Sakic might keep one of those key UFAs. It could be Kadri to ensure their depth at center but he could price himself out of their market. It could be Kuemper to maintain their solid goalie tandem with Pavel Francouz. I don’t think Burakovsky and Manson will be back.

My guess is Nichushkin is the most likely to return. Sakic took a chance on him after the Dallas Stars bought him out and he found his game with the Avs. He’s completing a two-year deal worth $2.5 million per season and should be the more affordable to retain.

The Lightning’s decisions start with pending UFAs Ondrej Palat, Nick Paul and Jan Rutta. They’re up against the salary cap once again with 19 players under contract for next season. That makes a major roster overhaul unlikely.

Like Sakic, GM Julien BriseBois will have to use some creativity to maximize his bargaining power. He’ll need to decide if he’s happy with the club’s current depth, especially on the blueline.

SPECTOR’S NOTE: BriseBois has proven skillful at finding inventive ways to maintain a championship roster. That ability will once again be put to the test.

The Lightning will get some wiggle room with Brent Seabrook ($6.875 million) on permanent long-term injury reserve. Still, it’s unlikely BriseBois be able to bring back all three of those UFAs. I expect BriseBois will put his efforts into signing Palat.

COULD THE ISLES SHOP BEAUVILLIER FOR A DEFENSEMAN?

THE ATHLETIC: Kevin Kurz recently pondered the possibility of the New York Islanders shopping Anthony Beauvillier for help on their blueline. While the 25-year-old winger’s development has stalled, he’s still young enough to improve. He also carries a reasonable $4.15 million annual cap hit for the next two seasons and lacks no-trade protection.

Zdeno Chara, Andy Greene, Sebastian Aho and Grant Hutton have likely played their final games for the Islanders. There are questions over whether those in the system, such as Robin Salo and Samuel Bolduc, are ready to move up.

Arizona Coyotes defenseman Jakob Chychrun could be a trade target. Most Isles fans polled by Kurz would be fine with bundling Beauvillier with their first-round pick (13th overall) in this year’s draft for Chychrun, though Kurz believes the Coyotes would want a prospect included in the deal.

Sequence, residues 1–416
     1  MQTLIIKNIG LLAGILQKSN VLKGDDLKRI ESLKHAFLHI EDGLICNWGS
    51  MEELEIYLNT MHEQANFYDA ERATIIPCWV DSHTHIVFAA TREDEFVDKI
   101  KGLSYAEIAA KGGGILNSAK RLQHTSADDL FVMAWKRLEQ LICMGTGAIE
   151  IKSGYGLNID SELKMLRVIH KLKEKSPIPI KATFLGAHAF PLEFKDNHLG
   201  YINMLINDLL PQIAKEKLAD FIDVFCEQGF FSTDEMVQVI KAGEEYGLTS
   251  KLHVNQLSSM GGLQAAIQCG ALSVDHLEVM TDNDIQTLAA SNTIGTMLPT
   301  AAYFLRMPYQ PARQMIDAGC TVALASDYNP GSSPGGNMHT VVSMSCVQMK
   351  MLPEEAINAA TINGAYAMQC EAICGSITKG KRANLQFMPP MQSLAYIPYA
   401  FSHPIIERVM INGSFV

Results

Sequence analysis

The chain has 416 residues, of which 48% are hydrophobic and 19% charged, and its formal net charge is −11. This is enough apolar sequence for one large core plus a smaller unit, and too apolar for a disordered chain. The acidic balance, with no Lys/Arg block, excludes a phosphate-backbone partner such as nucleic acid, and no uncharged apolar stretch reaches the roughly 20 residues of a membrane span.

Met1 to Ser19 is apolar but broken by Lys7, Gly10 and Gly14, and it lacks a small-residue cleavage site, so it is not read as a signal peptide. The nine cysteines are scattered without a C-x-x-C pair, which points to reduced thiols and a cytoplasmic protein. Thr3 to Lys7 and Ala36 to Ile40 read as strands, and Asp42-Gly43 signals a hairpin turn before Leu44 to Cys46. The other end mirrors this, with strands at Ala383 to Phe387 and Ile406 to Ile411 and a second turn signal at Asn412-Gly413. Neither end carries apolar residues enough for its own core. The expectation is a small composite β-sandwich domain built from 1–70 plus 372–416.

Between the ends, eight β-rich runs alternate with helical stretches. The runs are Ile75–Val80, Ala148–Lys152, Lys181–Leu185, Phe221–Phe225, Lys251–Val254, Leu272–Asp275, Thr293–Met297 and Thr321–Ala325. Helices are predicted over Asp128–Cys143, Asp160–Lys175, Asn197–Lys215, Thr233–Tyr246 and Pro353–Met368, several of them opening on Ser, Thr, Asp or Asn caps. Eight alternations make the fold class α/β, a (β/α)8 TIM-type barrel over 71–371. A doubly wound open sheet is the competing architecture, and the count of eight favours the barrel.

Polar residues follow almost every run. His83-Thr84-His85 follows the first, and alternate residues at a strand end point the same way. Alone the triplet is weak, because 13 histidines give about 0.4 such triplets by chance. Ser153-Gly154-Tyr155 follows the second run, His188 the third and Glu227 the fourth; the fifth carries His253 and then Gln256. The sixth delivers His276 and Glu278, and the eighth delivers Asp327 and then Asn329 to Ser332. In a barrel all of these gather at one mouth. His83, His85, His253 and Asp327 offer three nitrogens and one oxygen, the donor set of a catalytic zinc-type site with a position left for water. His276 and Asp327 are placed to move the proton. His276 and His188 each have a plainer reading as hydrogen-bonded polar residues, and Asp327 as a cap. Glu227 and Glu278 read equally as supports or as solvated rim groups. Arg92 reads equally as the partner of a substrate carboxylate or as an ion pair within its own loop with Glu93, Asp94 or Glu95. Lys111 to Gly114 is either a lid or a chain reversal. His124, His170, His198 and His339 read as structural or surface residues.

SPECTOR’S NOTE: The Islanders aren’t the only team expected to have an interest in Chychrun. However, the Coyotes have set a very high asking price. Beauvillier, a first and a prospect might not be enough to land him. I suspect GM Lou Lamoriello will explore more affordable options if he uses the winger as trade bait for a blueliner.

LATEST ON THE SABRES

THE BUFFALO NEWS: Mike Harrington doesn’t see the Sabres using their plentiful salary-cap space to pursue a big-ticket UFA like Johnny Gaudreau, Evgeni Malkin or Kris Letang. He also doesn’t see them pursuing Marc-Andre Fleury to bolster their goaltending depth if Craig Anderson decides he’s not returning.

He doesn’t see the Sabres being interested in Colorado’s Darcy Kuemper. Toronto’s Jack Campbell might want a deal of three or four years and the Sabres aren’t interested in that type of term. He also believes St. Louis’ Ville Husso will want dollars and term that the Sabres aren’t interested in handing out.

Harrington advocates pursuing Braden Holtby to share the goalie duties and mentor promising Ukka-Pekka Luukkonen, suggesting they offer up a two-year, $8 million deal. It would also help the Sabres reach the $61 million salary-cap minimum.

SPECTOR’S NOTE: It’ll be interesting to see who the Sabres bring in to share the goalie duties with Luukkonen if Anderson hangs up his pads. The focus seems to remain on building up with their younger players, though I do see them adding affordable veterans to provide depth and leadership for next season.










NHL Morning Coffee Headlines – May 15, 2022

NHL Morning Coffee Headlines – May 15, 2022

The Lightning, Oilers and Hurricanes advance to the second round. Check out the recaps of Saturday’s action in today’s NHL morning coffee headlines.

NHL.COM: The Tampa Bay Lightning advanced to the second round of the Stanley Cup playoffs with a 2-1 victory over the Toronto Maple Leafs in Game 7 of their first-round series. Nick Paul tallied both goals and Andrei Vasilevskiy made 30 saves for the Lightning as they took the series four games to three. Morgan Rielly replied for the Maple Leafs.

Tampa Bay Lightning goaltender Andrei Vasilevskiy (NHL Images).